The New Exchequer buildings were erected in 1830-1840 and have a direct link with the Prince Bishop's. The Durham Court of Chancery, which went on operating after the Palatinate rights were taken over by the Crown in 1836, is a relic of the ancient powers exercised by the Count Palatinate. It is an original and independent court against which no appeal can be made from the equity side except to Parliament. (Equity is a system of law suspending common and statute law). The only other Chancery Court is in Lancaster [3].


The building that is now used as a Mission Hall was at one time linked by an overhead bridge with rooms on the other side of the street, used by Salvation Army Citadel. The Durham City Corps (No. 156) of the Salvation Army was one of the earliest established in the country. It was housed in a cellar under the shops of Elvet Bridge being known 'as the 'Old Glory Shop'. Later the Corps had a building in Claypath since removed by the new Sunderland road. It later crossed the river and occupied the old Wesleyan Methodist Chapel in Old Elvet until it moved to its present premises in Saddler Street in 1925.

Durham County Council had their first offices at these Exchequer buildings. The first Clerk was Ralph Simey, and he had the assistance of only four “youths”.              

The Post Office originated from the site of the old Golden Lion Hotel in Saddler Street and opened in December 1880. Telephones were installed in 1898 [16]. When the Post Office moved in 1927 to Claypath the building became the Ministry of Employment Exchange. Opposite the previous site of the Post Office in Saddler Street was the City Library. Before the Library moved there it was the City Police Offices before the amalgamation in 1920 of the City Force with the County Constabulary.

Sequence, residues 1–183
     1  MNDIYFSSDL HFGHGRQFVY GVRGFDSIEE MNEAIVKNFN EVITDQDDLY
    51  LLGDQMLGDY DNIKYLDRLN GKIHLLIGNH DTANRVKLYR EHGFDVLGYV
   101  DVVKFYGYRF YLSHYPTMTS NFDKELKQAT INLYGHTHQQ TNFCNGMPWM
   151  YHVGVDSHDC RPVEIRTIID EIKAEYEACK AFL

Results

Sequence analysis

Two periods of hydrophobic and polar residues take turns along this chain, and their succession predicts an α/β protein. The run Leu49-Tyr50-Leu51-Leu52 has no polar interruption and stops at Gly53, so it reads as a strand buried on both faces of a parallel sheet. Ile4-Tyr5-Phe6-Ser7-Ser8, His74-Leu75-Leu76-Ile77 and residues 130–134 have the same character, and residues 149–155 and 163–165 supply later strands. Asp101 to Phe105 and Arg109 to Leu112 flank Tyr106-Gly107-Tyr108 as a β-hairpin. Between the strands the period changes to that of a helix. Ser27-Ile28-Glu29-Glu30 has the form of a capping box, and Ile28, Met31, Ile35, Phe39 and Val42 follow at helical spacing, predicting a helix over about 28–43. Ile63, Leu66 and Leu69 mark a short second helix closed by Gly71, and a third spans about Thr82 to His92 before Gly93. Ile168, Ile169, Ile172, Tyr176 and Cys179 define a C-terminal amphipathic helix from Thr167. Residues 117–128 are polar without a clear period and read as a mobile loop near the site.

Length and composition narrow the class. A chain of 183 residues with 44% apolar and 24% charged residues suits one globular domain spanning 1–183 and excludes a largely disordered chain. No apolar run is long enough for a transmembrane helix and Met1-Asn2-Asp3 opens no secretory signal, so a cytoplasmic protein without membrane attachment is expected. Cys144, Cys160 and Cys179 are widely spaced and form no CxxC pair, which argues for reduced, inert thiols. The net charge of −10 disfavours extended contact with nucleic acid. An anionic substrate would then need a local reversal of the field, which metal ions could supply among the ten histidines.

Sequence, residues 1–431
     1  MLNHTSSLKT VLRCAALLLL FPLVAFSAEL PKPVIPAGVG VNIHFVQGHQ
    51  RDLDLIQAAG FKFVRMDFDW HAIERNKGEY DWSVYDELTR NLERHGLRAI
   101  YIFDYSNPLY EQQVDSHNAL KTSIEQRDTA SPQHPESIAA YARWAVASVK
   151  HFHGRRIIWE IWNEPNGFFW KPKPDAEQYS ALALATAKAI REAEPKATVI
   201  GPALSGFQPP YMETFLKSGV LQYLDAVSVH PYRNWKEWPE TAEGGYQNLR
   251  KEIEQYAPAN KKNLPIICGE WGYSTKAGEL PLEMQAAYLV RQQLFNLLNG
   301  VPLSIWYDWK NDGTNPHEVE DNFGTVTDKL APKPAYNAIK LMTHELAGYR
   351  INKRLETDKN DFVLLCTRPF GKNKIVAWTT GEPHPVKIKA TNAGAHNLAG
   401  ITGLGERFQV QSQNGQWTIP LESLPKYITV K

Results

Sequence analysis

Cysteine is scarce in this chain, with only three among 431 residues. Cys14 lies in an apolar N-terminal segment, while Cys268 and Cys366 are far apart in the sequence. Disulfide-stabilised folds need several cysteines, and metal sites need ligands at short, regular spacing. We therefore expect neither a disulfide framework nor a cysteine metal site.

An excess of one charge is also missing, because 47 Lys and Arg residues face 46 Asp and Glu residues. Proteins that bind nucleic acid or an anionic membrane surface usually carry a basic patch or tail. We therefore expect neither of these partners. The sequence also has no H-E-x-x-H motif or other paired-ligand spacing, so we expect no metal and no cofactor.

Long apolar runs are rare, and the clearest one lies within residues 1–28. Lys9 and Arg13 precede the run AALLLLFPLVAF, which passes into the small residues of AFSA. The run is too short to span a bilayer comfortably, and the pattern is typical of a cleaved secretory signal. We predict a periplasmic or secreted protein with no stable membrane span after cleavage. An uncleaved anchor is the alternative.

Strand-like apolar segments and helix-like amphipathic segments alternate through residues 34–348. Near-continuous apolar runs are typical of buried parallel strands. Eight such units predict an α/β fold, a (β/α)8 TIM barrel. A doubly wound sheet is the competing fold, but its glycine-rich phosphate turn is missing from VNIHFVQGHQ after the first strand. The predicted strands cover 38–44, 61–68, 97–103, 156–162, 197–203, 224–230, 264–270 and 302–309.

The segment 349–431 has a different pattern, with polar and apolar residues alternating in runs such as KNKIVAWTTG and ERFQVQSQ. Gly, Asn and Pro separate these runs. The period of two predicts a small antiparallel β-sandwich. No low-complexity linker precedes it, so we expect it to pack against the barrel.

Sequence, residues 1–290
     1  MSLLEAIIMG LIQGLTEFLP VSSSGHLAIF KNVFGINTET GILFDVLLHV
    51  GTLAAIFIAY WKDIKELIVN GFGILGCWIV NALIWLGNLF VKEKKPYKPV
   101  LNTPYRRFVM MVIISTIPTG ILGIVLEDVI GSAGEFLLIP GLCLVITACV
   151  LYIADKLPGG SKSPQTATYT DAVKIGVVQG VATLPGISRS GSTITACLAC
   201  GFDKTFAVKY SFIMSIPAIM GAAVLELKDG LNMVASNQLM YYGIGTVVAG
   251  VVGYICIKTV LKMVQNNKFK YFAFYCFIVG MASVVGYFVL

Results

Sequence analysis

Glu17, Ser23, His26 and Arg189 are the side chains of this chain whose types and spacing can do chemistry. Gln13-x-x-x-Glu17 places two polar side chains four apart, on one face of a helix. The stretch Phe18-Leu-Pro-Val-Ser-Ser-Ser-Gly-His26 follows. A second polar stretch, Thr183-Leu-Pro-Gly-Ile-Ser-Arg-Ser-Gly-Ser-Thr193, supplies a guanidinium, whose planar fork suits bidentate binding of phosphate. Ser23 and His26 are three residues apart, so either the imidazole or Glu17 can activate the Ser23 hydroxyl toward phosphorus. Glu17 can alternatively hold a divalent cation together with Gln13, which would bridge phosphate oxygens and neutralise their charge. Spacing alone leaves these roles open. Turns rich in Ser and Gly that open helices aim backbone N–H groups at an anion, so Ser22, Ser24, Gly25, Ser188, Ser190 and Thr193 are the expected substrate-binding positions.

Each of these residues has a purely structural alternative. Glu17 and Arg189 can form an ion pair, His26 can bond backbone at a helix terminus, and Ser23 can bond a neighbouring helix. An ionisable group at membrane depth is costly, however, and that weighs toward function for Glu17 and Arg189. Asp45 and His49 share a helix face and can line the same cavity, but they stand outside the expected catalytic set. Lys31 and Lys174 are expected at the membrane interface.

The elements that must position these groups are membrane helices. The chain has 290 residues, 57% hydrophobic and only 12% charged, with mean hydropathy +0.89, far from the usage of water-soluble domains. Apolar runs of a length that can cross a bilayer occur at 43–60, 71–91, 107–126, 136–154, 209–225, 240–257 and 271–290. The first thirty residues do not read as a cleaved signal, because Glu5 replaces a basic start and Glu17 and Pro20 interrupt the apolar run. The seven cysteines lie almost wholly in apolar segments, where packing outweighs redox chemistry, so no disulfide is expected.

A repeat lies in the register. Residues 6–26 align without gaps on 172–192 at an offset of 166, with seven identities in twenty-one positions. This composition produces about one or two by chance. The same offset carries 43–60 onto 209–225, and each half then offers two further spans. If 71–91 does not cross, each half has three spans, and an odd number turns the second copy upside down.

Magdalene steps could be named after the nearby medieval hospitium. It was originally an enclosed vennel that was opened up and the steps built-in 1895. Another reference [44] suggests the name is derived from a “Maudlingyld house”.

Saddler Street: Text


St Mary the less was founded in 1150, destroyed in 1841 and rebuilt on the same spot [5]. The Rectory was held in sequestration from 1572 to 1742 or rather the profits were so small that whoever had the keys of the church left to him by his predecessor became minister without let or hinderance [22]. In the church yard was an excellent copy from an old, coped tomb. Author (Ornsby) states "How comes it that we seldom see these antient memorials made the objects of imitations. These are examples in endless variety and their superiority to the vulgar headstones which crowd our churchyards is too obvious to require a comment" [21].


It is hard to see now that St Mary the less was of Norman origin as its features ''were almost obliterated in the restoration of 1847 - 9, save the round headed window opening on the south of the chancel. The original chapel was built on the orders of the Nevilles of Brancepeth in the 12th century [44]. The Elizabethan woodwork is worthy of note. This rebuilding was done by the Nevilles on the original foundations in the Neo-Norman style. Mary the less became the Chapel of St John's college in 1918 [12]. In 1966 the double parish was united with St Oswalds by the new footbridge.

Close to Cosin's Almhouses, but in Owengate, was a Whitesmiths shop where John William Henry Lambton, father of the illustrious John George Lambton, 1st Earl of Durham, served his apprenticeship as a Smith preparatory to becoming a Freeman of Durham. The house with the distinctive white/black markings is the only Tudor house in Durham where one can see the whole Tudor building [3]. (Most of the others have been covered with 'newer' buildings).